Room 50--Slip, slidin' away


No, You won't hear a Paul Simon song here! What if you want to have an effect in music where all the pitches are played in a certain range. If you have already looked at the rest of the Classroom you have already run across an example of this technique (called a glissando) in Room 32. It was the sound file used for the effect of sul ponticello. Listen to sul ponticello example again.

Glissando is indicated either by the word or its abbreviation, giiss., or by a stroke or wavy line between the highest and lowest of the notes to be played. This effect is obtained in different ways, depending on the instrument used: piano--drawing one fingertip (usually the third finger) or a thumbnail rapidly over all the white or black keys; violin, viola, cello--quickly sliding a finger up or down one string; trombone--moving the slide while blowing; other wind instruments (mainly clarinet, trum≠pet, horn)--increasing the lip pres≠sure so that each note rises in pitch until it becomes the next higher note; timpani-playing a roll with the drumsticks and at the same time changing the tension on the drum≠head with the aid of pedals; harp- -≠sliding one finger rapidly across all the strings. A glissando sounds quite different on different instruments. On the harp it has a smooth, almost liq≠uid sound, whereas on the trombone it has a comic effect.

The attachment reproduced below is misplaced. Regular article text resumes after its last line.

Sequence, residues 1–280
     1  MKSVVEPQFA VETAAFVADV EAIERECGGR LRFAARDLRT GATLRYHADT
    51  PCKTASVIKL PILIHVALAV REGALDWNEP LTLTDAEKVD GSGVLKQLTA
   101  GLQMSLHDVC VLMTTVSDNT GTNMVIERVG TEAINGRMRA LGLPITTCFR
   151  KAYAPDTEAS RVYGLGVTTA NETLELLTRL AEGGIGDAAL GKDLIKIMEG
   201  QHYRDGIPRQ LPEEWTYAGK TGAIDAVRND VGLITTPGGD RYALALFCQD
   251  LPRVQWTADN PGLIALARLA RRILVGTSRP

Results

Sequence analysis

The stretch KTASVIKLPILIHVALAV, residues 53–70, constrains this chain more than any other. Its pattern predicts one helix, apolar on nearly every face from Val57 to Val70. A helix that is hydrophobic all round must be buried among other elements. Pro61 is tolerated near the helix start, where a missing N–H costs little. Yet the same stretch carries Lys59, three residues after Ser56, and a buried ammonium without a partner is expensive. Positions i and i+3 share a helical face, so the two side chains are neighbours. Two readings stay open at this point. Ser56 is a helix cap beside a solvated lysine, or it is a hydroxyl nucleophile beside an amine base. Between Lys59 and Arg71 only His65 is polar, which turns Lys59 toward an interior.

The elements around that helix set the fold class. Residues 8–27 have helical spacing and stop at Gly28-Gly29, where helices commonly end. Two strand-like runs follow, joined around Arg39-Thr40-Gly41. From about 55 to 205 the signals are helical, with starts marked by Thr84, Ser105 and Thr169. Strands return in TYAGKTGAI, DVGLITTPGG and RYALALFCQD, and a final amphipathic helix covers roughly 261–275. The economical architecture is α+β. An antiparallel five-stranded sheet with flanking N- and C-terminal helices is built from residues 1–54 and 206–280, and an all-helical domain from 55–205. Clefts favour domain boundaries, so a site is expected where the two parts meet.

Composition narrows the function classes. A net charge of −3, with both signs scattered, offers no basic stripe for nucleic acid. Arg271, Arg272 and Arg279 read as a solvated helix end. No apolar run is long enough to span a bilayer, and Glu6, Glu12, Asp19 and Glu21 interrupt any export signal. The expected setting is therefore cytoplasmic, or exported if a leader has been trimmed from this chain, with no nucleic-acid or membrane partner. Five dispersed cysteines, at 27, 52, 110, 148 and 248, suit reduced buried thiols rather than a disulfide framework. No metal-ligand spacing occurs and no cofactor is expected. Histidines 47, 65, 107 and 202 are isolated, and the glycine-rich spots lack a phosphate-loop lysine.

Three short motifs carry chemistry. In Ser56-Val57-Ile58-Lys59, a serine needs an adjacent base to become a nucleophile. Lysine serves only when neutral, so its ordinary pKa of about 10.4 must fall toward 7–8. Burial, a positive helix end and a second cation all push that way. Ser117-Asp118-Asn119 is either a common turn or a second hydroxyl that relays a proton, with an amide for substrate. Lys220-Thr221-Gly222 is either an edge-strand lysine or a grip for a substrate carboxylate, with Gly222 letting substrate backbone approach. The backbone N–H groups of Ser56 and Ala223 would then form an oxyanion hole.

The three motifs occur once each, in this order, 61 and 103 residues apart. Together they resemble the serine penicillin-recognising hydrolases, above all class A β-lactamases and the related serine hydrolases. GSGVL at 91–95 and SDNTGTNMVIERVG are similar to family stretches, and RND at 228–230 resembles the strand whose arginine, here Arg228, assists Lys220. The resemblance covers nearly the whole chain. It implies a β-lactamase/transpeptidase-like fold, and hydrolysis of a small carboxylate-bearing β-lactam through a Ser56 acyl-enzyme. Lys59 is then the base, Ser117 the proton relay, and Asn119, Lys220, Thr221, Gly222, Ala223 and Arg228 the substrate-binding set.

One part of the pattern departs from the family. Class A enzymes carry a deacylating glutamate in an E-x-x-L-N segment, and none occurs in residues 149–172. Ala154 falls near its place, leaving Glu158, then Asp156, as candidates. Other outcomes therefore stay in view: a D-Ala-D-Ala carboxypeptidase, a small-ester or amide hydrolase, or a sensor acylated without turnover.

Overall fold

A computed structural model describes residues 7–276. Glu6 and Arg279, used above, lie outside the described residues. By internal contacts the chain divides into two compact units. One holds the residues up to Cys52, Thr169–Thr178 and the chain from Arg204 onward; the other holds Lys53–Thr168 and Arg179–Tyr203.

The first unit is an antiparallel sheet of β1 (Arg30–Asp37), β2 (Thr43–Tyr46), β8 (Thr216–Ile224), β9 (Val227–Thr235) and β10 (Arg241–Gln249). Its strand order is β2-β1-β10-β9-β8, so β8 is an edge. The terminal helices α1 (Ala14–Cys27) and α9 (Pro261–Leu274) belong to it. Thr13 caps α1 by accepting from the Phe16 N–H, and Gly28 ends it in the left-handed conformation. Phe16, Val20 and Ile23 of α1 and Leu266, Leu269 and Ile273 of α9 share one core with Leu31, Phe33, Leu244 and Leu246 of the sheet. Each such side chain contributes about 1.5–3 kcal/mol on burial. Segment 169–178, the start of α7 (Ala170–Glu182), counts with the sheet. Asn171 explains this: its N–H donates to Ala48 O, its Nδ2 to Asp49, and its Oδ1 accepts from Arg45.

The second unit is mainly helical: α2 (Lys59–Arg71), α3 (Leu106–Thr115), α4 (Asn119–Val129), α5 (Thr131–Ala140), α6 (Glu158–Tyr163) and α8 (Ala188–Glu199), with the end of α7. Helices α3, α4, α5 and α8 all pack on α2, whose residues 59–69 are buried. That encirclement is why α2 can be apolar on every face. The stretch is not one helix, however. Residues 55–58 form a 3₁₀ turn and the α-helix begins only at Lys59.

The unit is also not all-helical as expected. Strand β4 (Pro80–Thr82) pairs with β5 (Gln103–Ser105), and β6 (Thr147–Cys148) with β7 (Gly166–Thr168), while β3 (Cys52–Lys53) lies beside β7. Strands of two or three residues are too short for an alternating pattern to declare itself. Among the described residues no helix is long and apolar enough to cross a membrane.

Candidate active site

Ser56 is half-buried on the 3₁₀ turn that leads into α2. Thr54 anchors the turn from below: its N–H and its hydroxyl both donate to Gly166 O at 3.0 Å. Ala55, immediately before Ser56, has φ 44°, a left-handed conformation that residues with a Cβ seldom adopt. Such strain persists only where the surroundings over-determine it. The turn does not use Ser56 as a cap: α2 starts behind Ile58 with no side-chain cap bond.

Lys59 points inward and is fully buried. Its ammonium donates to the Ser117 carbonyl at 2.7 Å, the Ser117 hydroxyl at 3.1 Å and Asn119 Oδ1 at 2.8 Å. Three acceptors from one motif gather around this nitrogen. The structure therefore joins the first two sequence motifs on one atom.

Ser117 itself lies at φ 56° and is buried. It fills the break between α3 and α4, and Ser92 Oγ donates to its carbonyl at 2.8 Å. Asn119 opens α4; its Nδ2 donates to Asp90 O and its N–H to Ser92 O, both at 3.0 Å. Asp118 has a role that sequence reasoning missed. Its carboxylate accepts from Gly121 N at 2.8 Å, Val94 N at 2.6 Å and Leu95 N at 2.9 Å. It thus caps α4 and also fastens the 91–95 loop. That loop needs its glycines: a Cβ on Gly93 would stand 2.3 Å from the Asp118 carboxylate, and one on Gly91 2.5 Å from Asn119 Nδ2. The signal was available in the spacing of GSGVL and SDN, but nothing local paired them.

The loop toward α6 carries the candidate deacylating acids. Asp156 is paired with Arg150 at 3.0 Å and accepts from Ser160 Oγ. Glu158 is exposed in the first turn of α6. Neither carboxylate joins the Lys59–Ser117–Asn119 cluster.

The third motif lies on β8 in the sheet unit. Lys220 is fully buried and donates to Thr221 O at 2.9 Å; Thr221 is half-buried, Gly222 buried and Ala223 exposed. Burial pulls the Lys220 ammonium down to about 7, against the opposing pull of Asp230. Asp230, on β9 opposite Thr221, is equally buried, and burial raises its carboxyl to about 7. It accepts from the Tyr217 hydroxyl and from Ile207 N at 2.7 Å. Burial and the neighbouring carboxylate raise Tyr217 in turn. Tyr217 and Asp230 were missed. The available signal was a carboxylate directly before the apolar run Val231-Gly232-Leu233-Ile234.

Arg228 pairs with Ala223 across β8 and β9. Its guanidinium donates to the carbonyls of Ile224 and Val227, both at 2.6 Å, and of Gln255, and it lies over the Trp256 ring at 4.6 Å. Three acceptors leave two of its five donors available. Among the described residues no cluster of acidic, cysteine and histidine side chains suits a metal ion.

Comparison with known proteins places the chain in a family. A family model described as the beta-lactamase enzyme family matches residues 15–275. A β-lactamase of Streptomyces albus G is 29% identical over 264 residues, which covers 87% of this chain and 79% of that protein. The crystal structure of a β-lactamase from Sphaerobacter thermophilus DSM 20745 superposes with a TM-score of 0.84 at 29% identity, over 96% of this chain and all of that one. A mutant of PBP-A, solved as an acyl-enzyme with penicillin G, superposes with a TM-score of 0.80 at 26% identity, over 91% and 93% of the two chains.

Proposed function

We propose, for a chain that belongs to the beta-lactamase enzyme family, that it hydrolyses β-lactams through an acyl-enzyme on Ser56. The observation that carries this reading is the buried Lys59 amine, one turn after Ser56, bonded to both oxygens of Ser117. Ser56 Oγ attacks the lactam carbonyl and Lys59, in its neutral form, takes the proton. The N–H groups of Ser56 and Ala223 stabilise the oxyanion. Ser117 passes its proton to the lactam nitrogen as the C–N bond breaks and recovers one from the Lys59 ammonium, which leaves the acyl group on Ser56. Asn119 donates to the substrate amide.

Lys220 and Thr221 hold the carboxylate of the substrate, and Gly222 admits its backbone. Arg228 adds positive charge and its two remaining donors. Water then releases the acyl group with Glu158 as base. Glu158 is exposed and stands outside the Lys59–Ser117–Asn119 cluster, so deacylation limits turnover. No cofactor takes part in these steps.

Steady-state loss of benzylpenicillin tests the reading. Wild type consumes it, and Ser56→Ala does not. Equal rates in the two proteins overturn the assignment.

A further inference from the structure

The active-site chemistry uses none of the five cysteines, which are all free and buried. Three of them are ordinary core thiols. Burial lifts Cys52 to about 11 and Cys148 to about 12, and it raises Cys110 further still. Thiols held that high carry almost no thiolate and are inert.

To hear this in a classical piece, listen to the end of the Flute Concerto by Carl Nielsen. Itís rather amusing.

The most famous glissando in music is this one Listen!

Itís the clarinet glissando heard at the opening of Rhapsody in Blue by George Gershwin. Since this technique is not normally asked for in classical music, it probably took a bit of practice for the first clarinetists who played the piece to accomplish it smoothly.

Hereís another glissando used in a piano work. Listen!

Those glissandi are from the Hungarian Rhapsody No. 10 by Franz Liszt. PLEASE NOTE THAT ANY PIANO GLISSANDO SHOULD BE EXECUTED CAREFULLY TO AVOID RIPPING OFF A FINGERNAIL OR OTHERWISE INJURING YOUR HAND!

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